A sign encourages distancing at a polling location for the Washington, D.C., primary election on June 2. File Photo by Kevin Dietsch/UPI | License Photo
July 20 (UPI) -- Gallup said in a new survey Monday that Americans are well aware of the rising number of COVID-19 cases but don't seem to be reacting with a greater sense of urgency when it comes to wearing masks and distancing.
The survey found that about two-thirds of U.S. adults acknowledge the pandemic is getting worse, but many aren't being as vigilant as they were during the first surges in March and April.
About 44% of respondents said they're isolating from activity with persons from outside their homes. That figure was 75% in April. Seventy-three percent said they're avoiding travel, down from 91% in April.
Mask usage, however, is at a record high. The survey showed 88% of respondents said they have worn a face covering in the past week, an increase from 83% at the start of June.
The survey found that mask use is divided along political lines -- 96% of Democrats, 70% of independents and 51% of Republicans said they "always" or "very often" wear a mask in public. Eighty-two percent of women said the same, compared to just 65% of men.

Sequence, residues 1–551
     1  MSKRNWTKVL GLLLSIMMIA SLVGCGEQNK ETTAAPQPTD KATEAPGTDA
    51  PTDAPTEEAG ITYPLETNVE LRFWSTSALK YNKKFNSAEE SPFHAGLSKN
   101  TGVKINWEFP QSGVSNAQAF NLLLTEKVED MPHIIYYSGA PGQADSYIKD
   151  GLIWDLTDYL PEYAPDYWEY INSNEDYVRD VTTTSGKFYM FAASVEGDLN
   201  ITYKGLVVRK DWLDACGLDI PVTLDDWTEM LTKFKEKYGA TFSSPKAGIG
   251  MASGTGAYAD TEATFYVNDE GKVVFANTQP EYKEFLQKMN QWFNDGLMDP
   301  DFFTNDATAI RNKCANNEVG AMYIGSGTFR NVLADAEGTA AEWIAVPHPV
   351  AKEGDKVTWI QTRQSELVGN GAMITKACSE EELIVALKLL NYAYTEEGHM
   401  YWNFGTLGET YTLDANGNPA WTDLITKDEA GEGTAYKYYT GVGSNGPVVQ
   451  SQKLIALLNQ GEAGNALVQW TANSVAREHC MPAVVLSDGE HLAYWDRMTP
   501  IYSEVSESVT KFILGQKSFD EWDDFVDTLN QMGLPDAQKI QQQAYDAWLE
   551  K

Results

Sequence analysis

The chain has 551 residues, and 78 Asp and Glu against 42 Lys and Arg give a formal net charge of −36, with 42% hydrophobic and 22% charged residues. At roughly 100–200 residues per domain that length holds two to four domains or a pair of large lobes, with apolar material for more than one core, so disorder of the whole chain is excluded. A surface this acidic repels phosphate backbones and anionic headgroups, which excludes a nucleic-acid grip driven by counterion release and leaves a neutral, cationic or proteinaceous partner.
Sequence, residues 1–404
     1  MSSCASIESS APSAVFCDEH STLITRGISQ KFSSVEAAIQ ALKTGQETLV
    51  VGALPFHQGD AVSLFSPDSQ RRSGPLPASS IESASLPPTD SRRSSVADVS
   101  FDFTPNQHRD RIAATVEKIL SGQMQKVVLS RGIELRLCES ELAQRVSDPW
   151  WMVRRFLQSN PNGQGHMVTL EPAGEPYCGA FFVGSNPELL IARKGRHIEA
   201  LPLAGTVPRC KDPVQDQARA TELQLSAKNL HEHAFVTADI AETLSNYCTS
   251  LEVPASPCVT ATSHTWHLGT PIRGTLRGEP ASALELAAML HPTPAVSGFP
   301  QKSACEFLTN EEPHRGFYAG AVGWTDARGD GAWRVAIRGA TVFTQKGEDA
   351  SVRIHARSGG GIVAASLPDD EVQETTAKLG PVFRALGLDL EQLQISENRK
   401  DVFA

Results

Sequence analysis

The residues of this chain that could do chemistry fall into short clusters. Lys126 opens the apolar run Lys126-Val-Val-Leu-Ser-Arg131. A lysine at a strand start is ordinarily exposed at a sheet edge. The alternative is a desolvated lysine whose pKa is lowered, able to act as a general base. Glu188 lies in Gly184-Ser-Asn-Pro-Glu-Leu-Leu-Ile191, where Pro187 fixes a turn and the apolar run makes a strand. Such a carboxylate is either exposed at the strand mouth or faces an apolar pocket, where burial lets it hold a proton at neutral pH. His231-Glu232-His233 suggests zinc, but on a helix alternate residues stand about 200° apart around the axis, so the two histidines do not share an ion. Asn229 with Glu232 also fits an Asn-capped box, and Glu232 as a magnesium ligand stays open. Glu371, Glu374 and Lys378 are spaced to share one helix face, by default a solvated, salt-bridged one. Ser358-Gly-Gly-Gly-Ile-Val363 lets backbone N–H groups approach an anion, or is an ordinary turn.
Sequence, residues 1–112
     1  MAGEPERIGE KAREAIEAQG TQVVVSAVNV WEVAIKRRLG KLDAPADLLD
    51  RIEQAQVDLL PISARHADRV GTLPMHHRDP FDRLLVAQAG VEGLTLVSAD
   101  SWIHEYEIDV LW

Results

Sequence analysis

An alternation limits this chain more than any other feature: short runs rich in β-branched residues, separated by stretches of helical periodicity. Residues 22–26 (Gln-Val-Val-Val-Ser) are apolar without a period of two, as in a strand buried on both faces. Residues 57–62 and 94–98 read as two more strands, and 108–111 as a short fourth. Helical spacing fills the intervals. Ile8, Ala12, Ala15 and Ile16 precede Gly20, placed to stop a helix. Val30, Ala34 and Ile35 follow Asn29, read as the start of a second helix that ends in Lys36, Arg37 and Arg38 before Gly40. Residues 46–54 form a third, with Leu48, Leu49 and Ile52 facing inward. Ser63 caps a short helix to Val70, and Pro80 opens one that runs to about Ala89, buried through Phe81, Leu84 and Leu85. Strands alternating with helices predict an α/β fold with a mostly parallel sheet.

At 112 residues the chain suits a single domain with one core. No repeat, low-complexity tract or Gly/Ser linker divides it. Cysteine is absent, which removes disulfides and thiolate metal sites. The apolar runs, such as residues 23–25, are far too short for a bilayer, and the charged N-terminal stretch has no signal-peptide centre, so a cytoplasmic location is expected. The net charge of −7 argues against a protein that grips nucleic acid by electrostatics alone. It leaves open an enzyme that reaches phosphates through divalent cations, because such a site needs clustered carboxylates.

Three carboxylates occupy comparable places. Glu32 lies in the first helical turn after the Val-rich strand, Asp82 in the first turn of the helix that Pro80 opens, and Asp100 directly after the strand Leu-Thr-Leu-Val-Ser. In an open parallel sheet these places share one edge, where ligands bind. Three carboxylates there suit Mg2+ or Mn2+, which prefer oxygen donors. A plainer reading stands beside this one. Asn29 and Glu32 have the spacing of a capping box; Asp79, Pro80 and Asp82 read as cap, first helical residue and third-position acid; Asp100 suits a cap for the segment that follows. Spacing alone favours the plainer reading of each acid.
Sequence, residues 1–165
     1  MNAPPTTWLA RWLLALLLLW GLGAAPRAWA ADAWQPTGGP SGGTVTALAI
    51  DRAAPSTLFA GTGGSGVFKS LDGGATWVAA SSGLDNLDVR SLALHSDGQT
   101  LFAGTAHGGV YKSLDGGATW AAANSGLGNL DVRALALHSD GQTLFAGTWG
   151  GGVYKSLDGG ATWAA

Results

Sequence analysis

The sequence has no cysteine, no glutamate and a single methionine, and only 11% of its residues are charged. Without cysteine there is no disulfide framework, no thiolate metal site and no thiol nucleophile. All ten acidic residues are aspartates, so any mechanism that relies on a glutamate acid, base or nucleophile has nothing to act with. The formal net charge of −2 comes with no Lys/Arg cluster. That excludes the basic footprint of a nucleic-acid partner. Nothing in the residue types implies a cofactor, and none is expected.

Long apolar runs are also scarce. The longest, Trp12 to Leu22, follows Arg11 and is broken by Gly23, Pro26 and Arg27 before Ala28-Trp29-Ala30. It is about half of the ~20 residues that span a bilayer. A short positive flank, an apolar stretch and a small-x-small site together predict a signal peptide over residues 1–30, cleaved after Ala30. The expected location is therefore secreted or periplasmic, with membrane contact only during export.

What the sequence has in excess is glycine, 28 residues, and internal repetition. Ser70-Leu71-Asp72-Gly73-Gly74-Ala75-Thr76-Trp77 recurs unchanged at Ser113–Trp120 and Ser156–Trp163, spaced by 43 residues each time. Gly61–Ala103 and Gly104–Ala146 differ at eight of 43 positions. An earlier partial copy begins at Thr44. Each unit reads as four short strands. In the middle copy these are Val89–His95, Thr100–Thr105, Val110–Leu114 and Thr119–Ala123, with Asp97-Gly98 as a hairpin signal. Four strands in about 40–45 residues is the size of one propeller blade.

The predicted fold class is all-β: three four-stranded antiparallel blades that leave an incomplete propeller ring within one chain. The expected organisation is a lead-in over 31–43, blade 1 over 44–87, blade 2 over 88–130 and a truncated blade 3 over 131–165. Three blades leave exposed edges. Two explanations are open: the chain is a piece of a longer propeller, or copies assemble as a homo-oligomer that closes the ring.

The Centers for Disease Control and Prevention has said face coverings are "a critical tool" in fighting the pandemic and Director Robert Redfield said COVID-19 could effectively be controlled in a matter of weeks if everyone wore a mask in public.
"Americans are mindful of the news that COVID-19 cases are spiking to new highs in much of the country, but this hasn't sent them indoors," Gallup wrote. "While it's not clear how much mask adoption may account for this, it's likely that after months of adhering to advice that the best way to avoid infection was to stay home, many are now prioritizing the advice that face masks work."
Gallup polled more than 3,600 members of its Gallup Panel for the survey, which has a margin of error of 3 points. Gallup says it uses probability-based, random sampling methods to recruit its panel members.